How we behave doesn't have to be more or less important than what we do, but it certainly needs to be as important. Pride not only in what we do, but in how we do it. Aristotle said, "It is hard to be truly proud; for it is impossible without nobility and goodness of character." Guess where goodness of character comes from? From behaving admirably in the face of adversity. A self-perpetuating cycle of joy. Be not as the meek. Be proud of yourself for reaching your goals and also of your behavior while accomplishing them.


I will always be proud of your accomplishments. But more importantly, I will be proud of your attitude and your behavior during those times above the accomplishments themselves. I would rather you lose every ball game you ever played if you enjoyed the hell out of playing and were genuinely impressed in the efforts of all the players - on both teams. I would be more impressed with that than if you won more than you lost but were angry or resentful when you did lose. That's not why we play. We play for the challenge, and for the fun.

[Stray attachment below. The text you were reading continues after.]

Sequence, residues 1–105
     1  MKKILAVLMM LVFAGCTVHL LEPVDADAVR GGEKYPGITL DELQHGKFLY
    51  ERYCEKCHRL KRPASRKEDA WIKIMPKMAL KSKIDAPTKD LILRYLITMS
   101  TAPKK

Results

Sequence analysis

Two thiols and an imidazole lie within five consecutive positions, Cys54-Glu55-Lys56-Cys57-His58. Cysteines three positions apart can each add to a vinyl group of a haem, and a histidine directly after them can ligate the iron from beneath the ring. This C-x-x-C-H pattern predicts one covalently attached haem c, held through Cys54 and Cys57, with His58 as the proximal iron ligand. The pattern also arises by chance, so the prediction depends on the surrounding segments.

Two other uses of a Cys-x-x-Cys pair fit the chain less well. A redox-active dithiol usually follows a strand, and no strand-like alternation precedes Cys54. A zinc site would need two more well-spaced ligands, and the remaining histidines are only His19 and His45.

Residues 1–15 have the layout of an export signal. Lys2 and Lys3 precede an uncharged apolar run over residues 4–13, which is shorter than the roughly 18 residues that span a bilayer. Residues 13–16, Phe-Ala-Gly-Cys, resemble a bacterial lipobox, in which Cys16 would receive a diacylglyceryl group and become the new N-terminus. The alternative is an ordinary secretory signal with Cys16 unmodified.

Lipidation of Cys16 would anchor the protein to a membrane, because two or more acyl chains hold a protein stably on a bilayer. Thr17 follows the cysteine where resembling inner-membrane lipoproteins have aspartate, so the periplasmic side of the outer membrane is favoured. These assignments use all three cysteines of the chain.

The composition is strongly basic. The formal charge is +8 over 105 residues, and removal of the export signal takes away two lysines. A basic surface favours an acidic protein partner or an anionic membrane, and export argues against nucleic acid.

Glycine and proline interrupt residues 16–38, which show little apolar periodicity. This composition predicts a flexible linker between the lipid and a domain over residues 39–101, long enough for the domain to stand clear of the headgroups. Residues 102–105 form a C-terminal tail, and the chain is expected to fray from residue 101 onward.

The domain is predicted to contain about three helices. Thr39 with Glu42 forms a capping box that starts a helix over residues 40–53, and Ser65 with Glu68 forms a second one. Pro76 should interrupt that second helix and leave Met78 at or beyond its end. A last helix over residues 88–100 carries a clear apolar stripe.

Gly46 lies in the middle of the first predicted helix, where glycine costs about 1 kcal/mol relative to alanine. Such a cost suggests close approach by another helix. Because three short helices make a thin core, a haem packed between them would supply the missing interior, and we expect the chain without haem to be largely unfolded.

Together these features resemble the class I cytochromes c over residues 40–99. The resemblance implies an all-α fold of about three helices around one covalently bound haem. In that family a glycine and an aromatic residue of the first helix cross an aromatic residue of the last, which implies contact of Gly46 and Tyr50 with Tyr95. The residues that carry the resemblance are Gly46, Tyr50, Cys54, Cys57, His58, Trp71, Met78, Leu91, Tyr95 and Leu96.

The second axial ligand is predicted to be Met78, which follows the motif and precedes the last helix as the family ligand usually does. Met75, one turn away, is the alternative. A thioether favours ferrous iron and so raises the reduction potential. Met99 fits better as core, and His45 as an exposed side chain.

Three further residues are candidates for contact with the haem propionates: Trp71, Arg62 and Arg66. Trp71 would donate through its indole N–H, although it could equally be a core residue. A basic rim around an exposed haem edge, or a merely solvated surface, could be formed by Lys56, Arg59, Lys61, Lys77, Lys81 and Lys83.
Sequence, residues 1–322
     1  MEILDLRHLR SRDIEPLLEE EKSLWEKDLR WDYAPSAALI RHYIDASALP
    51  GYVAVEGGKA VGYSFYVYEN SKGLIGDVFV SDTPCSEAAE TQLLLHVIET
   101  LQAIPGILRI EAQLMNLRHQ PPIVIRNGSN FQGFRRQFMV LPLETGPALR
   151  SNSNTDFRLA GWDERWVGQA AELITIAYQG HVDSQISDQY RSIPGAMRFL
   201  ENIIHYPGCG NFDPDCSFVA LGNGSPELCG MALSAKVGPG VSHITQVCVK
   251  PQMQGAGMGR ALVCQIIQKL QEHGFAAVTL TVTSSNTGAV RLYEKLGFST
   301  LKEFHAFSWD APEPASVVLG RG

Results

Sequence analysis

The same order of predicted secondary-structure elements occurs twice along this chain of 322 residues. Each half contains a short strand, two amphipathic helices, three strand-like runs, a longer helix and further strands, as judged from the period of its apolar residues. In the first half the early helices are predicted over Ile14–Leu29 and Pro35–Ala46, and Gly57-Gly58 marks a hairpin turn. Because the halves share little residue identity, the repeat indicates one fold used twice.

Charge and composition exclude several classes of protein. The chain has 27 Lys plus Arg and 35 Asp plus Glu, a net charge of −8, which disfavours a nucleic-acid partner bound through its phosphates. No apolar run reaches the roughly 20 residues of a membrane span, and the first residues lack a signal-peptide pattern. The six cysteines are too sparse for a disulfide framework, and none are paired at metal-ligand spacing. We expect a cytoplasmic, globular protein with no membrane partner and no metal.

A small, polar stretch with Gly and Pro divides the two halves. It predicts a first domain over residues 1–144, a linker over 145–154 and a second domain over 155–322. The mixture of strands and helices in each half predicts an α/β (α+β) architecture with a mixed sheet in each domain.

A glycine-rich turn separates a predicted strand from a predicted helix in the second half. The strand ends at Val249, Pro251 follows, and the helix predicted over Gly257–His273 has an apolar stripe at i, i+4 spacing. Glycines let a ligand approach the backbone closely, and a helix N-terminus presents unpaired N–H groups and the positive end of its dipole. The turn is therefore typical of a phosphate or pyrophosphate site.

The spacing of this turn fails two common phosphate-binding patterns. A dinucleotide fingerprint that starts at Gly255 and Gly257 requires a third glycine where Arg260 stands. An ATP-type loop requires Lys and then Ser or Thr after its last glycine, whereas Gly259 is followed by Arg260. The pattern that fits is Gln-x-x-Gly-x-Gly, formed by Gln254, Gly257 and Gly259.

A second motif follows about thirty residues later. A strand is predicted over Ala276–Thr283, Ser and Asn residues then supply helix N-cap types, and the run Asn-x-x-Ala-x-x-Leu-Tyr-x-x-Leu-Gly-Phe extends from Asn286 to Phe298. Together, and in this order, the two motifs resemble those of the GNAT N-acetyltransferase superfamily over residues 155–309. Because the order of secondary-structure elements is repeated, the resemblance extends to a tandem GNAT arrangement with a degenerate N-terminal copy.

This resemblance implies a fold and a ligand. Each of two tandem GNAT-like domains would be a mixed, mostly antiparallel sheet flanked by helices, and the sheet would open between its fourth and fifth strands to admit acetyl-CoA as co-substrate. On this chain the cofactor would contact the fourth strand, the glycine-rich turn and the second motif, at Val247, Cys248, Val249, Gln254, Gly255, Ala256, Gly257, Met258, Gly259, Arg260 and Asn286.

Not that there's anything wrong with winning - its a boon to the ego and validation that we've done well. But we can learn from loss as well, and other people marvel at our character when we do. Some people are only impressed with winning, but that is a sad life full of disappointment, for they cannot accept loss, and feel personally betrayed by it. They feel betrayed because they let that accomplishment define who they are because they are frightened of failure.

But not you. You will be magnificent.

Love, Dad


pcofwildthings at 2012-01-03 05:05 (UTC) (Link)
Very interesting post, and I like that word, neoteny. I think having the freedom to experiment, as a kid, is very important. I did not have helicopter parents. We (my siblings and I) ran the neighborhood, popping in on our friends, and together doing things our parents had only a general awareness of (and they seemed okay with not knowing details). As a result, we did things like form a human chain and touch the electric fence, try to make bubble gum by using the ingredient list on a Bazooka wrapper as the recipe (huge fail, but a fun one; corn syrup and Kool-Aid make a sticky, stainy, yet edible mess), etc., etc. We weren't over scheduled, and I think that is important too.

I really wonder if one could learn (or re-discover) that sense of wonder in adulthood? I would like to think that given the right environment, time, and encouragement, one could.